early and often

Will Any Republicans Jump Into Trump’s 2024 Snake Pit?

What Republican would really want to climb into the snake pit with Trump? Photo: Giorgio Viera/AFP via Getty Images

It’s probably safe to say that no one has a more acute understanding of Donald Trump’s position in the Republican Party than U.S. senator Ted Cruz of Texas. Cruz, after all, was the last serious rival to Trump standing in 2016, and he even refused to endorse him at the Republican convention that year. But he soon evolved from Trump’s harshest critic and punching bag into an ally and eventually, a bit of a toady.

So when he scoffs at the idea of Ron DeSantis or any other Republicans running for president no matter what Trump decides to do in 2024, we should probably pay attention. He addressed the topic at the Texas Tribune Festival last weekend, per Mediaite:

“There are some Republicans who are beating their chest and running around saying, ‘I’m running no matter what. It doesn’t matter what Trump does,’” he said. “That’s utter garbage. They’re all lying.” …

Cruz said that “one of the prerogatives” of being a former president is that Trump “gets to decide.”

“He gets to make his own decision. Nothing you say, nothing I say is going to influence him, I think, pro or con. He’s going to make his own decision and the rest of the world will react to it,” Cruz said. “I think we’ll find out sometime next year.”

That’s worth mulling when you hear talk about Republicans tiring of Trump’s act, based on polls revealing relatively soft support among GOP voters for another run by the 45th president, such as a new ABC–Washington Post survey that showed 47 percent of Republicans wanting Trump to run again and 46 percent preferring another nominee.

As the Post’s own Philip Bump quickly noted, Trump didn’t need the support of a majority of Republican primary voters in 2016 to win a majority of delegates and the presidential nomination (he actually won about 45 percent of the vote in caucuses and primaries, despite the overwhelming percentage he won in some late primaries after he had locked down the nomination). In part, that was because opposition to Trump was divided among 16 other candidates (the number dwindling as the primaries discarded candidates). Additionally, though, unlike Democrats with their rules requiring strictly proportional delegate awards based on vote shares, Republicans still allow bonus delegates for congressional-district and statewide winners and even some winner-take-all primaries (the situation in, for example, Florida, where Trump smoked two allegedly favorite sons, Jeb Bush and Marco Rubio, in results that Ron DeSantis might want to review carefully).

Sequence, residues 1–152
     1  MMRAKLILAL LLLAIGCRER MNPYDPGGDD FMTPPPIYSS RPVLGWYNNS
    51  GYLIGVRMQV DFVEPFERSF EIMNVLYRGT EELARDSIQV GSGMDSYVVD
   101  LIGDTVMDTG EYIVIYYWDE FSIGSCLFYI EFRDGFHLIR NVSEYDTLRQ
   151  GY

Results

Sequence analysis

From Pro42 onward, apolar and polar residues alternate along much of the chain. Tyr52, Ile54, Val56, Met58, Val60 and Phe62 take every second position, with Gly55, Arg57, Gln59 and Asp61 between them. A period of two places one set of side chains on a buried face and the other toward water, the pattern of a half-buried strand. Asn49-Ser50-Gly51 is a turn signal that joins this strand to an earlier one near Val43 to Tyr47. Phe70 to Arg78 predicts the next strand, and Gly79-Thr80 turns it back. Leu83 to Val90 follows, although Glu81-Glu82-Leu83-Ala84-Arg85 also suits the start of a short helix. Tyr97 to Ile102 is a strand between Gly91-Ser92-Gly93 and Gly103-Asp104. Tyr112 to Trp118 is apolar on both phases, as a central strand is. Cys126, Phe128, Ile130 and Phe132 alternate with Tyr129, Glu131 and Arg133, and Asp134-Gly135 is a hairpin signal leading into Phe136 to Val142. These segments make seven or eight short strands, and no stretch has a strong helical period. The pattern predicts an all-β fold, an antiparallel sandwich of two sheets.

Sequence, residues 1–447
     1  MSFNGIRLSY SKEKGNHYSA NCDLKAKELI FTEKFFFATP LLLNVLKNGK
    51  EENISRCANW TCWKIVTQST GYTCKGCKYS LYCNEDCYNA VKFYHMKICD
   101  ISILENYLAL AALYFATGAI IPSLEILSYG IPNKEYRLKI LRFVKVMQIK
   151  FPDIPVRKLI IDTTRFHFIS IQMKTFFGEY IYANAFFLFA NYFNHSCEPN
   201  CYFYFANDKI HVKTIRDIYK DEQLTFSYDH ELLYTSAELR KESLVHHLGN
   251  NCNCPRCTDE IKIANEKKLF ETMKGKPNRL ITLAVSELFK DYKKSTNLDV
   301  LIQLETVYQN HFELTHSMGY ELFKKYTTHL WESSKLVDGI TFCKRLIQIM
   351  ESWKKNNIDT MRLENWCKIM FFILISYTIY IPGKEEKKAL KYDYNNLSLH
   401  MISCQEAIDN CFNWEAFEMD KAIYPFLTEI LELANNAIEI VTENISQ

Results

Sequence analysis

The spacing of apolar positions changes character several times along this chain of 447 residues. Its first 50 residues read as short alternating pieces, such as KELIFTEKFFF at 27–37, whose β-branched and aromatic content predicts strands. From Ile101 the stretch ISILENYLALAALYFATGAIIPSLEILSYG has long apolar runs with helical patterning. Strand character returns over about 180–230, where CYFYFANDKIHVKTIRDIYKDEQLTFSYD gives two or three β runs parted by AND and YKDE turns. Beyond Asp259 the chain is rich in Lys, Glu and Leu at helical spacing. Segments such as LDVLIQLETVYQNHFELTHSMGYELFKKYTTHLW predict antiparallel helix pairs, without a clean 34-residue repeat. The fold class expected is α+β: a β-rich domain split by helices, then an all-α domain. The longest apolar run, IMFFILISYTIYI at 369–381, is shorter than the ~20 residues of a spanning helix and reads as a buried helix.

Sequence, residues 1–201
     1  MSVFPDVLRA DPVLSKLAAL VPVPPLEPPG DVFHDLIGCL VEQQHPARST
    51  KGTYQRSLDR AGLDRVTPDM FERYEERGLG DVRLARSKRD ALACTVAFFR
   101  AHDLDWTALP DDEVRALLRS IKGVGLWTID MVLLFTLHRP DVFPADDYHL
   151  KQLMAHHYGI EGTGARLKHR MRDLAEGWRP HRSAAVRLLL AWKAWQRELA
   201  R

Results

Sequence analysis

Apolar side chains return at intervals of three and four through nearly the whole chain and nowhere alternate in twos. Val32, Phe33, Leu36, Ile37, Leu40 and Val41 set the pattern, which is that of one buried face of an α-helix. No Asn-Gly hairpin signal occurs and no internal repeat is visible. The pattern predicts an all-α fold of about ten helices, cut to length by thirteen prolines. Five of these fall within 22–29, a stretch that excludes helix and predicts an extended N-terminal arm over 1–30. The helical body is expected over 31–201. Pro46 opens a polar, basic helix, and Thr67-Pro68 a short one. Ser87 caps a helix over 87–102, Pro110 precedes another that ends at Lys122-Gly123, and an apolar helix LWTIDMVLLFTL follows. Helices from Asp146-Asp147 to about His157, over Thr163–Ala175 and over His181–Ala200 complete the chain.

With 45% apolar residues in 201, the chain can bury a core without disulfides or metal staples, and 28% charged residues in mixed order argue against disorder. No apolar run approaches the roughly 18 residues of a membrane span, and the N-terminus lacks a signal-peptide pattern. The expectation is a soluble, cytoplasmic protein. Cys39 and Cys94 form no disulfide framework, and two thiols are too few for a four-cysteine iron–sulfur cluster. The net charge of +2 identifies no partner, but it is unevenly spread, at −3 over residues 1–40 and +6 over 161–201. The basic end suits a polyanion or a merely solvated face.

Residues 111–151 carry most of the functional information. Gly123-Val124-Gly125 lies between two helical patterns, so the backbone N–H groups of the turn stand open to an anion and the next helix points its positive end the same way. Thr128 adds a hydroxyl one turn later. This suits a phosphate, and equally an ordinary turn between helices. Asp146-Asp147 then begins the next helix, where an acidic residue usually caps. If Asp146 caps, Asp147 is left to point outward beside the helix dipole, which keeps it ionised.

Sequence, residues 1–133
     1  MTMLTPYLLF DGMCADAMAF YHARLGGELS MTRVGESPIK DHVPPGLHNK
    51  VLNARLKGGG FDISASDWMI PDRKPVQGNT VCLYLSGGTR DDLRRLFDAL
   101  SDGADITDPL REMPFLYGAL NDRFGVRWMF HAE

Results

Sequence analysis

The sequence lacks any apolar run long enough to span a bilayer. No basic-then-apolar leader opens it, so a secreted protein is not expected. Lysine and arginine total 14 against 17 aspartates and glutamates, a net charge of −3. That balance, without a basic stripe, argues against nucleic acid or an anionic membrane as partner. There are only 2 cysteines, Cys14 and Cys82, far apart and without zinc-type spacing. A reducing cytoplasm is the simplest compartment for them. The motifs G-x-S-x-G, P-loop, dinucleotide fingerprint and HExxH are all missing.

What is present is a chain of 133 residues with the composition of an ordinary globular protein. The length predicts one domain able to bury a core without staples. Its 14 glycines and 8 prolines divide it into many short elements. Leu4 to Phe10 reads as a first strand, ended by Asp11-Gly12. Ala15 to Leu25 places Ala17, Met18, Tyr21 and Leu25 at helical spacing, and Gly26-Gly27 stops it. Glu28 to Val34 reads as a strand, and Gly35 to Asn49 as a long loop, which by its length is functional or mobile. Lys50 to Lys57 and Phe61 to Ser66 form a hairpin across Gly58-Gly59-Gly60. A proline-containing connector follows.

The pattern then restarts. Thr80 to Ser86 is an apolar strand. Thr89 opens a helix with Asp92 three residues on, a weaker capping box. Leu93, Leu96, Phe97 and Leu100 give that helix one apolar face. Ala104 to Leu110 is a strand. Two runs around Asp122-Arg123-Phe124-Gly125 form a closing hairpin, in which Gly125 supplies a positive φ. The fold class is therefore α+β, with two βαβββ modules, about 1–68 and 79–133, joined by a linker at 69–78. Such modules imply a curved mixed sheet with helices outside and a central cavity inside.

Beyond his history of being able to win both primaries and one general election with a minority of the vote, Trump very clearly has a way of making himself the center of attention that would disadvantage any potential rival. That’s true even when he’s exhibiting weaknesses by normal standards; during the recent FBI raid on Mar-a-Lago, virtually every Republican politician this side of Liz Cheney instantly expressed solidarity with the allegedly persecuted ex-president. Trump also famously has lowered expectations for civil conduct during election campaigns, which means anyone taking him on in the primaries would court the kind of savage treatment he accorded Cruz in dissing his wife and smearing his father in 2016. Worse yet, now that MAGA-land has shown via subscription to his stolen-election fables and the January 6 riot that it will believe almost literally anything Trump tells it, future smears of Republican rivals might have violent effects. Who wants to be first in line for that?

The truth is that Trump is and will for the foreseeable future remain the king of the mountain in Republican politics. As bad a president as he was, he showed in 2016 and again in 2020 that he’s at his best as a candidate who takes all the oxygen out of any room he enters, baffles his opponents, and mesmerizes even hostile media. As my colleague Jonathan Chait has suggested, Ron DeSantis may be a sort of Trump 2.0 who promotes an equally dangerous authoritarian politics without the ex-president’s immense narcissism and erratic tendencies. But why climb into the snake pit with the original MAGA model when you can wait him out and seize power once he grows tired of politics, or retires, or loses a second general election? Ron DeSantis is 44 years old. He will be Trump’s current age in the 2052 presidential cycle, assuming his state hasn’t been submerged by rising seas and something like democratic elections still exist. Even Ted Cruz is just 51 and can afford to wait out Trump’s reign of terror within his party. But odds are good the ex-president will leave the presidential battleground on his own terms. Let’s hope we are all lucky enough to survive another Trump candidacy and the anti-democratic lessons he learned in 2020.

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Will Any Republicans Jump Into Trump’s 2024 Snake Pit?